2. Nashville (1975): Altman’s brilliant critique of American society in the aftermath of Vietnam and Watergate. Nashville stands as an excellent example of “Altmanesque” filmmaking, in which several separate story strands merge in the climactic final scene. Many, although not all, of the songs were provided by the cast, which includes Henry Gibson as pompous country music star Haven Hamilton, and the Oscar-nominated Lily Tomlin as the mother of two deaf children drawn into a relationship with sleazy rock star Tom Frank (Keith Carradine, whose song “I’m Easy” won the film’s sole Academy Award).
3. M*A*S*H (1970): Ok, I will admit it. It took me a long, long time to appreciate M*A*S*H. Growing up in 1970s Toronto, I couldn’t accept Donald Sutherland and Elliot Gould as Hawkeye Pierce and Trapper John — familiar characters from the weekly CBS TV series (but played by different actors). Looking back, I realize that M*A*S*H really did break all the rules of filmmaking in 1970, not least of which because it appealed to the anti-Vietnam generation. Like so many later Altman films, what appears to be a sloppy, improvised, slap-dash film is in fact sutured together through the brilliant, carefully edited use of Japanese-language jazz standards blared over the disembodied voice of the base’s loudspeaker.
4. McCabe and Mrs. Miller (1971): Filmed outside of Vancouver, Altman’s reinvention of the Western genre stars Warren Beatty and Julie Christie. The film uses several of Leonard Cohen’s songs from his 1967 album The Songs of Leonard Cohen, allowing the songs to speak for often inarticulate characters. Watch for how the opening sequence, showing Beatty/McCabe riding into town, is closely choreographed to “The Stranger Song” as is Christie/Miller’s wordless monologue to “Winter Lady” later in the film — all to the breathtaking cinematography of Vilmos Zsigmond, who worked with Altman on Images (1972) and The Long Goodbye (1973) as well.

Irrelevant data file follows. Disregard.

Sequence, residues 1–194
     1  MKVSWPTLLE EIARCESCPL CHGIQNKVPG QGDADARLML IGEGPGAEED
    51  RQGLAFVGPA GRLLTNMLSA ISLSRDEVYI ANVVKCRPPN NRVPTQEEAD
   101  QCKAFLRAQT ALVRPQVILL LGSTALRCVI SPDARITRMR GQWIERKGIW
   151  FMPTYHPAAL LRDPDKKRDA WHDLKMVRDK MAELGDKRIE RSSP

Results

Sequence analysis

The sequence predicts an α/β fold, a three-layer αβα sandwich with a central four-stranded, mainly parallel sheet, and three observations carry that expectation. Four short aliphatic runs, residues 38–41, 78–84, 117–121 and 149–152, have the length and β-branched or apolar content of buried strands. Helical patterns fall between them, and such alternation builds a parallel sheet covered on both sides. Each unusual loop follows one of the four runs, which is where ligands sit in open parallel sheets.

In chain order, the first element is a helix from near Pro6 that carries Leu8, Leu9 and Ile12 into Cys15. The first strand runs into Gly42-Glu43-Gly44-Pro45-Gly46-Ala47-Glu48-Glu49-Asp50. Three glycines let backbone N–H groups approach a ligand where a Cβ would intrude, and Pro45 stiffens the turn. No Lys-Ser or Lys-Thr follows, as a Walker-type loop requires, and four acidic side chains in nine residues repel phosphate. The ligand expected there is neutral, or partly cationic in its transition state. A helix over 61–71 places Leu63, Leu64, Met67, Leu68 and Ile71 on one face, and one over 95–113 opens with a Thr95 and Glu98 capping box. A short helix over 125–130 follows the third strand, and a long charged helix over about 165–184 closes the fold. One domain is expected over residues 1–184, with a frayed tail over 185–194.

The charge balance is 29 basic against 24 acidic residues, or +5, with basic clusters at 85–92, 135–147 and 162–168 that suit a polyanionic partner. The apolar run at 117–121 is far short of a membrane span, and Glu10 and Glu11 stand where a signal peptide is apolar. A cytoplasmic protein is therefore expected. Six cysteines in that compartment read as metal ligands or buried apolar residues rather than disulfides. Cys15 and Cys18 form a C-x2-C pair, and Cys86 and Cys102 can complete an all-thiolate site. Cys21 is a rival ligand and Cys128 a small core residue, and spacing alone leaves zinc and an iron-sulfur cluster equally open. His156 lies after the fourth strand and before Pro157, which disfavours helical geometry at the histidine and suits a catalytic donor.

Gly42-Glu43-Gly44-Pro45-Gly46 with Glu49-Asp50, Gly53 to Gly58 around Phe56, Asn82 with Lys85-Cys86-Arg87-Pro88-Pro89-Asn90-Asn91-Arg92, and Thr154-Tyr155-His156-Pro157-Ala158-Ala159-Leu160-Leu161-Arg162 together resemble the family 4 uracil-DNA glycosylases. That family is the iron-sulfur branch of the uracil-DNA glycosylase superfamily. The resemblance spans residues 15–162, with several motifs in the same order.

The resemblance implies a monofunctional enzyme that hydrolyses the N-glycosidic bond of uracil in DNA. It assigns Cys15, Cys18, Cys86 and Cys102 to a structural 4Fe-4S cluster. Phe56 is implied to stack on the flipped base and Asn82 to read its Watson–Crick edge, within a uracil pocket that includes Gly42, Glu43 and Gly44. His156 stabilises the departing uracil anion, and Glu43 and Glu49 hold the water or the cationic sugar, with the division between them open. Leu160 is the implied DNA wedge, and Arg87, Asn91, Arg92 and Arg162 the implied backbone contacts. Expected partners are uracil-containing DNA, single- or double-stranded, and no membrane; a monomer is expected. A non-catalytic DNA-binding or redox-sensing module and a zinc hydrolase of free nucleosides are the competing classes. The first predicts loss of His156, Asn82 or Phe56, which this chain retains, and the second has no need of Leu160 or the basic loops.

5. Aria (segment: “Les Boréades”) (1987): Made during Altman’s “exile” from Hollywood in the 1980s, this film combines short vignettes set to opera excerpts by veteran directors including Derek Jarman, Jean-Luc Godard, and Julien Temple. Altman’s contribution employs the music of 18th-century French composer Jean-Philippe Rameau. The sequence was a revelation to me personally, since it contains the only feature film documentation of Altman’s significant contributions to the world of opera. One of the first film directors to work on the opera stage, Altman directed a revolutionary production of Stravinsky’s The Rake’s Progress at the University of Michigan in the early 1980s: the work was restaged in France and used for the Aria Later, Altman collaborated with Pulitzer-Prize winning composer William Bolcom and librettist Arnold Weinstein to create new operas (McTeague, A Wedding) for the Lyric Opera of Chicago.